Bamboo has long, fibrous, shallow growing roots that grow from its rhizomes and are able to stabilise soil and prevent erosion. Both running and clumping bamboos store energy in their rhizome systems to produce new shoots. These shoots grow to almost their full height very quickly, and stay the same diameter for life. As new bamboo culms, they produce branches and leaves, contribute energy back to the rhizome system to produce more shoots, and continue to harden and mature for years. Individual culms may live as long as ten or twenty years. Their hollow segmented structure gives them a combination of strength, flexibility and lightness that are typical of bamboo poles.
Bamboo flowers and dies. It does not always die, and this can depend on the variety and the growing conditions. Some bamboo species never or rarely flower. Other bamboos flower sporadically: not all at once but with odd individuals randomly flowering. Most bamboo species seem to flower gregariously: with all individuals of the same clone flowering at the same time across widespread populations, even across the whole planet. The length of the flowering cycle varies considerably, with intervals up to 120 years, and others might flower almost yearly and not die back at all.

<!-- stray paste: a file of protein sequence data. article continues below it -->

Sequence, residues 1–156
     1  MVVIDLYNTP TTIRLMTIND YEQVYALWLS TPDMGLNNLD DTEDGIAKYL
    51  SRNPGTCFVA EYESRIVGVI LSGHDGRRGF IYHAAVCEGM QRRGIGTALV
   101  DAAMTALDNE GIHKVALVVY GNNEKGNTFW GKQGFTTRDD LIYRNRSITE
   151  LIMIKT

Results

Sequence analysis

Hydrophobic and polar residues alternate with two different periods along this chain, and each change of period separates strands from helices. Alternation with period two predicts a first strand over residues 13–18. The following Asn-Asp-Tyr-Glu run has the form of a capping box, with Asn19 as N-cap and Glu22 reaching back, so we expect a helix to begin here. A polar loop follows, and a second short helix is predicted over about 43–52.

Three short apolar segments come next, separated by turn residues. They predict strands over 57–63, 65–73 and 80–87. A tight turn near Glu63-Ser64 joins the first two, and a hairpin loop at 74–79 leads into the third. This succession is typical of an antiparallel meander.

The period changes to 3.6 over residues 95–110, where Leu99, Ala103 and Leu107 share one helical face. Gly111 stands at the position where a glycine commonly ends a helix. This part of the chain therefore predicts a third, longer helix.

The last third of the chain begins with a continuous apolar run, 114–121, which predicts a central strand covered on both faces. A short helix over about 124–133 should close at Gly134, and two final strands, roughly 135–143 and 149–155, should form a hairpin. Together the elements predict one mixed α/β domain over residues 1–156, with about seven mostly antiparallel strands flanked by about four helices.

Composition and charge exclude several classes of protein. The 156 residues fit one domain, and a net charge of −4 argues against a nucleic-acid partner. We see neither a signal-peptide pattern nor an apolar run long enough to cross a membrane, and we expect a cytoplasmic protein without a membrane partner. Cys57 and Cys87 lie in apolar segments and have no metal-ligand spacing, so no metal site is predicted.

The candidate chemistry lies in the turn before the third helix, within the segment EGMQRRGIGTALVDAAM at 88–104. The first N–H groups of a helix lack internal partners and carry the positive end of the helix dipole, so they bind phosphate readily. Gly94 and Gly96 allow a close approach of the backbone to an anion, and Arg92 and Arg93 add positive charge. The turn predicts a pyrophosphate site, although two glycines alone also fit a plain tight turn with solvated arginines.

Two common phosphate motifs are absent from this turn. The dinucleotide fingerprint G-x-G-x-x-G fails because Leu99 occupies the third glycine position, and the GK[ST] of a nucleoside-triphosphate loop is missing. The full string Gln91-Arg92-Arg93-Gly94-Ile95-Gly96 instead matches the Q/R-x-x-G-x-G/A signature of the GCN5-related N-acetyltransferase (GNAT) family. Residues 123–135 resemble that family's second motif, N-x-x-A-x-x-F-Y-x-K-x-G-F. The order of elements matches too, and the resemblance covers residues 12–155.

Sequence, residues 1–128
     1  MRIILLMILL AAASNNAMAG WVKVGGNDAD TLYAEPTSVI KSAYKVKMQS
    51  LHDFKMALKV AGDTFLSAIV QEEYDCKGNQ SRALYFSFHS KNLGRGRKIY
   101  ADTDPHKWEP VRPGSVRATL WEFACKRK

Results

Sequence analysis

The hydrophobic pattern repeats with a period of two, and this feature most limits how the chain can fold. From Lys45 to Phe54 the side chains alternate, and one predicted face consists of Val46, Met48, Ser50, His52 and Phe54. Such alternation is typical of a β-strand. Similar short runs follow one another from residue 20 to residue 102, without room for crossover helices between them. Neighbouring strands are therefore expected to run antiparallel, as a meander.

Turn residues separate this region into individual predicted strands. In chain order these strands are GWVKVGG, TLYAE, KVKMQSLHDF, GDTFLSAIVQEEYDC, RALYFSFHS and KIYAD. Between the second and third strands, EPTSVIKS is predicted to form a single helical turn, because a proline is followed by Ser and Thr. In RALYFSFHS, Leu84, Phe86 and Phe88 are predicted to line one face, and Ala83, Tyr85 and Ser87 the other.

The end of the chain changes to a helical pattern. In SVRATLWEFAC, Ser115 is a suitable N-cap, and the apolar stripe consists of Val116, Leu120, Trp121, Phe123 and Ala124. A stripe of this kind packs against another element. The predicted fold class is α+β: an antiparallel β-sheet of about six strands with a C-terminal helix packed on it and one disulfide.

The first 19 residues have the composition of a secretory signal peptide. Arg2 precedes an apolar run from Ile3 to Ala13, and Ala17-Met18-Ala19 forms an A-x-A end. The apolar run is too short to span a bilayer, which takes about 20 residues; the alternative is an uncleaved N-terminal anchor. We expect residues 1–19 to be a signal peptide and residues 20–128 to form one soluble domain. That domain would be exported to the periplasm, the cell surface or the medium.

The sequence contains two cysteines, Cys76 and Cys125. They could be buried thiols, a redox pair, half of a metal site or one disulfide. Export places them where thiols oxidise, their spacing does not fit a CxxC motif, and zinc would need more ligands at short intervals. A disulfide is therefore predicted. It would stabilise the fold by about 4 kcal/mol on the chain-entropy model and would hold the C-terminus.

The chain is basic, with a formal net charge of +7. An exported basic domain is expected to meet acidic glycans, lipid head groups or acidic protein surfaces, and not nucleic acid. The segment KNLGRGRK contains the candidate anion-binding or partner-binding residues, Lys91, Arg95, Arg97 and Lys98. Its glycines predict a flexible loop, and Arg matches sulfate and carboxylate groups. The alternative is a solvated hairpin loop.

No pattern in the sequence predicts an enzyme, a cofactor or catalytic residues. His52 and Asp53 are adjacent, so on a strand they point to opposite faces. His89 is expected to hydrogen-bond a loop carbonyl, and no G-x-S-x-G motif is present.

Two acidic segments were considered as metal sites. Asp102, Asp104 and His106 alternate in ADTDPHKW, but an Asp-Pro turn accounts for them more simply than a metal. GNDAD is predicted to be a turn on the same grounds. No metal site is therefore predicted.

Bamboo, well known as the fastest growing plant in the world, quickly accumulates high biomass and produces a carbon and silicon rich litter suitable for mulching both itself and other plants. To consumers of fossil fuels, bamboo is a superior sequestor of carbon dioxide. Bamboos are amongst the best plants for re-greening and healing degraded environments, both rural and suburban.
Bamboo is a very adaptable plant. Not only has it managed to evolve into such varied forms to suit so many diverse environments, it's size and development can also vary considerably within individuals of the same species growing in different conditions. You can find technical descriptions of bamboo species with incredibly large height ranges specified.
Bamboo species are native to Australia, Africa, and North America, but it is in Asia and Latin America where most bamboos are found.
In these lands, rich in bamboo resources, it's place is long established. Environmental mainstay; thousands of uses; a cultural icon.
To the millions of rural poor who still rely on it for their daily needs, bamboo is above all, a useful resource. The endless versatility of it's timber is renowned. It requires little processing for many uses, and with some skill and basic tools many more useful items can be made. Bamboo timber is unique in both its structure and technical properties. Bamboo timbers have both high compressive and tensile strengths, and especially as poles can also display impressive flexural strengths.